Our environment correspondent, PAUL LUSHION, reports on some shocking revelations from Brighton which illustrate rubbish economics
Veolia, the rubbish contractors for Croydon and three other boroughs in the South London Waste Partnership, have been instructing some of their staff to send residents’ recycled waste for incineration.
That’s according to a report in yesterday’s Brighton Argus, in which a Veolia employee blows the whistle on how households’ carefully sorted recycling is being shovelled by the lorry-load towards an incinerator at Newhaven.
The revelation burns a massive hole in the false “environmentally friendly” narrative pursued by Croydon Council and others who have been defending the new Viridor incinerator at Beddington Lane.
“We shouldn’t be surprised, when all the contracts and fees are structured in such a way to make bigger profits for the waste contractors by burning rubbish instead of recycling waste,” said Nick Mattey, the independent councillor in Sutton’s Beddington North ward who has been campaigning against the environmental disaster that is the Viridor incinerator.
“They get £30 per ton for recycled waste, or £120 per ton for waste sent to an incinerator. Of course they’re going to divert as much as they can for incineration.”
Brighton and Hove City Council – once under control of the Green Party – has a waste and recycling contract with Veolia, who also operate the Newhaven incinerator, which was built for the Tory-controlled East Sussex County Council. It has been burning rubbish since 2012.
According to an exclusive in yesterday’s Argus, Veolia has told bin lorry driver Ken Quantick and his three-man crew to tip all their recycling into the household waste facility.
“This means our eight tons of recycling a day is going straight into the incinerator at Newhaven,” the local paper reports Quantick, 71, as saying.
“This is a scandal,” Quantick said. “The public need to know what is going on.”
Veolia maintains that it only rejects recycling which has been “contaminated”, while the bin men say that on their round, they have “a very low contamination rate”.
Sutton councillor Mattey says that with Veolia heavily incentivised to send waste to incineration, “it is the easiest thing in the world for them to put a single egg shell on lorry-load of paper recycling and declare it all ‘contaminated’ and fit only for incineration.
“For a single load from an eight-ton lorry, they immediately make an extra £720 for their shareholders if it is incinerated instead of recycled,” Mattey says.
“Multiply that for every lorry, every day of the working week, and apply that across the whole South London Waste Partnership.”
The Argus published photographs from the Sussex depot which shows recycling mixed in with black bin bags. Quantick told the newspaper that his depot is unable to cope with the volume of recycling being collected.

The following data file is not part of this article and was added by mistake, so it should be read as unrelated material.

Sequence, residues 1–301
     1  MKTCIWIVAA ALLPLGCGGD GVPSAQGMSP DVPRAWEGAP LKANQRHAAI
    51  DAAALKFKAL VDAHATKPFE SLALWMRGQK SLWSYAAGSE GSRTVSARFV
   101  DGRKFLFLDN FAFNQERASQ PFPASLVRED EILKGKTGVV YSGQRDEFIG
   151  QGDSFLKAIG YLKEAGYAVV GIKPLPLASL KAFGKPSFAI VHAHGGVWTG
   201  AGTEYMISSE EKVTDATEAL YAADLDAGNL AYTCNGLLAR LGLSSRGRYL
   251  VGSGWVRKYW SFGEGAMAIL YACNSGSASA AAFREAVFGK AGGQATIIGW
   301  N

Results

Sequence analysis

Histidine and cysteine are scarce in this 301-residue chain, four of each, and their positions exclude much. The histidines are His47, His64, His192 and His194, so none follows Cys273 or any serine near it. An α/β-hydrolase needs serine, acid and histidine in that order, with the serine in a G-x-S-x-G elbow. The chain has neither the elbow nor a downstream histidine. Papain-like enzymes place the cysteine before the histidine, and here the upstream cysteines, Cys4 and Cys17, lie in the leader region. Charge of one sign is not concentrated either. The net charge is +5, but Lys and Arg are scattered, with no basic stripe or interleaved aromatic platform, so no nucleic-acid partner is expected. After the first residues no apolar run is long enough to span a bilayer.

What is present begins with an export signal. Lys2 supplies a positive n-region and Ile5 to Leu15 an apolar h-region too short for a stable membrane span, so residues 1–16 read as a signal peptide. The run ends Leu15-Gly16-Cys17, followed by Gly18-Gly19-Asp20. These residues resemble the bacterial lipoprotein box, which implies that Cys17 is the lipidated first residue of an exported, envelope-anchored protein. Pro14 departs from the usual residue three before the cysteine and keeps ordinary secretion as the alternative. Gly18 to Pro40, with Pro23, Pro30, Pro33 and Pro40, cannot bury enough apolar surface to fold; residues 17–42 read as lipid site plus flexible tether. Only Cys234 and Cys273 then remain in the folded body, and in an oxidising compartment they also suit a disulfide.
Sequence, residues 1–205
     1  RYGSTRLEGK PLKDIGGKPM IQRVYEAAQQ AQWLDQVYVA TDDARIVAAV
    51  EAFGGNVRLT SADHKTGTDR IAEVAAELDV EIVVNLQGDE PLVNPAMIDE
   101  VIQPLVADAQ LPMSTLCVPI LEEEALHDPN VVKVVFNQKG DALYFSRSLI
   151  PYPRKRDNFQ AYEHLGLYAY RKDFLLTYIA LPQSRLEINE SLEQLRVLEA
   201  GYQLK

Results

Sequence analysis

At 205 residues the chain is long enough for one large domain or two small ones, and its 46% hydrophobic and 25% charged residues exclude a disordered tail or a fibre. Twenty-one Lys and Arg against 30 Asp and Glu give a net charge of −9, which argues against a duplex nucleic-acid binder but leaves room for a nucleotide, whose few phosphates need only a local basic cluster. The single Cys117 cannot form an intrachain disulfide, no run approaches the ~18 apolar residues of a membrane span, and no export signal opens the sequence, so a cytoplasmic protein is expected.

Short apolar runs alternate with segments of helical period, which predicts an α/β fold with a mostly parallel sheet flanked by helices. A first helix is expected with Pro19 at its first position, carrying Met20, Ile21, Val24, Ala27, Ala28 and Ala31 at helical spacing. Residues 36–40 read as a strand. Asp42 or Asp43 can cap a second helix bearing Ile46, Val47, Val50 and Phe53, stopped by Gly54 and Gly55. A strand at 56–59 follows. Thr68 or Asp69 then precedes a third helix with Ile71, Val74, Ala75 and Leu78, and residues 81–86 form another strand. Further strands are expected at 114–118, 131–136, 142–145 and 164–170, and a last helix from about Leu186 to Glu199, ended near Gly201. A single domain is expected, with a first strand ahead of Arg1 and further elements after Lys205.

“They are overwhelmed,” he said. “It’s a mountain. They can’t clear it quickly enough. They are using this as an excuse. It’s absolutely disgusting.
“I don’t know what the public is going to think when they find out their recycling is being burned.”
Veolia told the newspaper: “We are a recycling company and we recycle viable material.”
In south London, the Viridor incinerator at Beddington Lane, which has a £1billion contract over 25 years with Croydon, Sutton, Merton and Kingston councils, is still not yet fully operational, though test burns continue to be observed. Veolia recently took on the waste and recycling collections for Sutton and Merton, as well as Croydon.
In Croydon, Stuart Collins, the Labour-run council’s cabinet member for fly-tipping and dirty streets, claims that the borough is aiming to recycle 50 per cent of its waste.
The evidence, though, suggests that that is just, well… a load of rubbish.
In other areas which have introduced industrial-scale incinerators into their waste management strategy, recycling rates have tended to go down.
In South Wales, recycling rates were at 55 per cent before 2014, when an incinerator at Splott came on-stream. With a voracious appetite for ever more fuel for the incinerator, ever more rubbish, including materials intended to be recycled, was diverted to the furnaces.
The business model for incinerator operators, whether in south London, on the south coast, or in South Wales, is always the same: get rubbish, weigh it, charge it, burn it, and sell the power generated.
If they’re not generating enough heat, then they won’t generate the power that they are contracted to supply.
And for a “recycling company” such as Veolia, who operate what they prefer to call an “Energy from Waste Facility” at Newhaven, or for Viridor at Beddington Lane, the difference in revenues between what is paid for recycling and what is paid for incinerator fuel is sure to see ever more “contaminated” waste sent for incineration.
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